NEW YORK (Reuters) - New Jersey Governor Chris Christie has agreed to reimburse the federal government $95 million for money that had been earmarked for a tunnel project Christie canceled after calling it too expensive.
The commuter rail tunnel under the Hudson River between New Jersey and Manhattan would have been America's largest public works project. Christie canceled the project last October, citing billions of dollars in projected cost overruns that would be borne by the state.
The move was applauded by some fiscal conservatives, who called U.S. President Barack Obama's stimulus program a waste of taxpayer money. Christie is now being courted as a Republican presidential contender.
U.S. Transportation Secretary Ray LaHood had initially said the state must repay $271 million in federal aid.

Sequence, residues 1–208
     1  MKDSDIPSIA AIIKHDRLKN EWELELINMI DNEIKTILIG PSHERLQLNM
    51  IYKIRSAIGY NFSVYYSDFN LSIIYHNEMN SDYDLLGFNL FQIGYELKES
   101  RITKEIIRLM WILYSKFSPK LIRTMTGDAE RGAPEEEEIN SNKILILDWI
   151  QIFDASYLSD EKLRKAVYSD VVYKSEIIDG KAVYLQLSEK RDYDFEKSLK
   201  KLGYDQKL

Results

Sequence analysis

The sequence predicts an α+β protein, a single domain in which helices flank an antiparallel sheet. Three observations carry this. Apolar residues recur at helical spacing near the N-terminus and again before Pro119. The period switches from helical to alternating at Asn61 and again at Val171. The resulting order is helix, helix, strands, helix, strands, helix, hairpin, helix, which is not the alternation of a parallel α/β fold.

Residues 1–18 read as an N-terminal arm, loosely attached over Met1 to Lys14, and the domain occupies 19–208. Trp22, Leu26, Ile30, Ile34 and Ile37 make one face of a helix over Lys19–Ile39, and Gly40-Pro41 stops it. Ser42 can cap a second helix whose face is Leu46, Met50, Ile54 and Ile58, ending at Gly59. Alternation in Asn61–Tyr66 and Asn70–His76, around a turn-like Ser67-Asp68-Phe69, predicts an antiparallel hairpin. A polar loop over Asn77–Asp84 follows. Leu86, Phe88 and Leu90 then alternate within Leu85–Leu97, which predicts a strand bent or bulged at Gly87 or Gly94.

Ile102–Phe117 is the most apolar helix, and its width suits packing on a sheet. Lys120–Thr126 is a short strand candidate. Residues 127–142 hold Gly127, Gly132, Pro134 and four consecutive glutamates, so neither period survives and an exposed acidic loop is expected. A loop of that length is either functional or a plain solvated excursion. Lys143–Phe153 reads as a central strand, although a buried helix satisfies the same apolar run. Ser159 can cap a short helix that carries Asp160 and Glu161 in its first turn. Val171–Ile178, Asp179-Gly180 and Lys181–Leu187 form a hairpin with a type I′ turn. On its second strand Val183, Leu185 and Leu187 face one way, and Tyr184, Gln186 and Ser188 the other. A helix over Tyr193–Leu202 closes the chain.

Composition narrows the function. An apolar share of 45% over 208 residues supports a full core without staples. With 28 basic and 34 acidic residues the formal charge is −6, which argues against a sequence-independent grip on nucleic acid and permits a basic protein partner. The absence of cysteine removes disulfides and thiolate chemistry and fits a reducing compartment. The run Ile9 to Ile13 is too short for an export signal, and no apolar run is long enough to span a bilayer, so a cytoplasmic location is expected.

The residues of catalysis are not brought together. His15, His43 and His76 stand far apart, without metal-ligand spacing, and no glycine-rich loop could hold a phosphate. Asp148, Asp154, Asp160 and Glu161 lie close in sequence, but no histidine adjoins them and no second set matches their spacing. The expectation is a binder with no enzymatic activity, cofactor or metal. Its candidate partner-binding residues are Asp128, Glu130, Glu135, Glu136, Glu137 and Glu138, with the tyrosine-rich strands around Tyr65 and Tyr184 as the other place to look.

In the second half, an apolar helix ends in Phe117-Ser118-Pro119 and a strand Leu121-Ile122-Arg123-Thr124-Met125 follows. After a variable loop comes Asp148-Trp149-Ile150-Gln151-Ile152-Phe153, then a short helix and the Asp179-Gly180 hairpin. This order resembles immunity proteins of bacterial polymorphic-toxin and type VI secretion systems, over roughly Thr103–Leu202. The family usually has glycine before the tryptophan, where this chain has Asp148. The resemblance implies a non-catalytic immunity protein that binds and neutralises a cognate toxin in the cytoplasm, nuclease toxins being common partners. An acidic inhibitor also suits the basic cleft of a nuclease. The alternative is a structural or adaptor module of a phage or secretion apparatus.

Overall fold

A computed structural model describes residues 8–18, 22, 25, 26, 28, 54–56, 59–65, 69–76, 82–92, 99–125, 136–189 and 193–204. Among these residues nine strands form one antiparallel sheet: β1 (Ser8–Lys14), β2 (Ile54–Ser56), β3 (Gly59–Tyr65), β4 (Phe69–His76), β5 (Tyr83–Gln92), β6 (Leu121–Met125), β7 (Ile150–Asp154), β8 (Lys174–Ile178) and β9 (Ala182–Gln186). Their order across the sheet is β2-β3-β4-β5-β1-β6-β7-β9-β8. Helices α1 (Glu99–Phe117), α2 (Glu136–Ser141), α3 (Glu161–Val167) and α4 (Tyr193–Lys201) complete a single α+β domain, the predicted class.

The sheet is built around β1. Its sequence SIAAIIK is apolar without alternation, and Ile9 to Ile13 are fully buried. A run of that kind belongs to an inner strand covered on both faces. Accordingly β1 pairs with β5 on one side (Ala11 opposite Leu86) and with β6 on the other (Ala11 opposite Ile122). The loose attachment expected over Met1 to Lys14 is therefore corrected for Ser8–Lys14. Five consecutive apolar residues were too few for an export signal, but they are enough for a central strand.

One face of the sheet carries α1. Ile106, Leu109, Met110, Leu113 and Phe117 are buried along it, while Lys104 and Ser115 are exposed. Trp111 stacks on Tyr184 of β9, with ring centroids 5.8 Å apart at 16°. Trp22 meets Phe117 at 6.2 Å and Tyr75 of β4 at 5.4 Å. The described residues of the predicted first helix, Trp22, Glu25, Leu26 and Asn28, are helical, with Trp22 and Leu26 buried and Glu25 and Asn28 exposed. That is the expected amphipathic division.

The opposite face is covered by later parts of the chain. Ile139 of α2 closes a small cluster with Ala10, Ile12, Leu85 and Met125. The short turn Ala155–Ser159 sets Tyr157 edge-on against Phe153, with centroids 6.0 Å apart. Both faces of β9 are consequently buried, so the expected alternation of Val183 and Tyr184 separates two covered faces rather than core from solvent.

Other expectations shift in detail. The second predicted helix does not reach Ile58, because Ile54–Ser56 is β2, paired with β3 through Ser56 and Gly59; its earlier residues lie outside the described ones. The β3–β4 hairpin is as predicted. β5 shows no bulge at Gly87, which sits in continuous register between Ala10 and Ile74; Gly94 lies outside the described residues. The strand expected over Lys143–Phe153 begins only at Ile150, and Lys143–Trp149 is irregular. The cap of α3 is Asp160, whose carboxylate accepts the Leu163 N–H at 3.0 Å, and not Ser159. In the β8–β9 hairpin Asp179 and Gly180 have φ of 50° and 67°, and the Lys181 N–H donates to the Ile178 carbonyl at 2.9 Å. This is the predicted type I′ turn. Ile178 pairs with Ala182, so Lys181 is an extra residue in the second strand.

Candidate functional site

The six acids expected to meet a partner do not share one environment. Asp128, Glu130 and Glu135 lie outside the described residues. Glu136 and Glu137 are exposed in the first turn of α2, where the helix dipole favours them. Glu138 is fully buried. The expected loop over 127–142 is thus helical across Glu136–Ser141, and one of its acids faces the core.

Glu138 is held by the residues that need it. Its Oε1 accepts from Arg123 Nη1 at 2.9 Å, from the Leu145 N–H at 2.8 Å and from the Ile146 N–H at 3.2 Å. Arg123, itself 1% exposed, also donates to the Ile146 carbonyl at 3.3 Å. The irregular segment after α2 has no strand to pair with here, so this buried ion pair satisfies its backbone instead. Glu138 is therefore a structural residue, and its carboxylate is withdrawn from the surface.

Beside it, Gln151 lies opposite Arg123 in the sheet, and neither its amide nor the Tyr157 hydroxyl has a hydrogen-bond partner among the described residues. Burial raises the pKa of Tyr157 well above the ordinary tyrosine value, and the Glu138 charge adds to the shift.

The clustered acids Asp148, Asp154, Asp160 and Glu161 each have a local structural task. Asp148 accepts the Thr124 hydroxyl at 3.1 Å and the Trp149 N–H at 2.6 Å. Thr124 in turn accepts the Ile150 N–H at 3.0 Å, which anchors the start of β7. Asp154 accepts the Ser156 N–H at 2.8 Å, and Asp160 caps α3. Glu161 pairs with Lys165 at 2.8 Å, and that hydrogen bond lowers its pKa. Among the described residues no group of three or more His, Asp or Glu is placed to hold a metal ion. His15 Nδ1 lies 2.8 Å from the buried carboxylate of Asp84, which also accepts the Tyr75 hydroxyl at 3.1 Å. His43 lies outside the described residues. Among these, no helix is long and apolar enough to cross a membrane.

The settlement announced on Friday includes $51 million in New Starts money, which will now be made available for other projects, as well as half of the funds paid to the state out of the American Recovery and Reinvestment Act, LaHood said in a statement.
In a separate statement, Christie said the payment, which will be made over five years, will be offset by more than $100 million in insurance premium refunds.
"I am pleased to announce that we have negotiated a good-faith settlement with the Federal Transportation Administration that puts the interests of New Jersey taxpayers first by substantially reducing the federal government's original demand," Christie said.
"This represents a fraction of the federal government's initial claim and won't cost New Jerseyans any additional money, which would otherwise go to infrastructure improvements," Christie said.
(Reporting by Edith Honan; editing by Todd Eastham)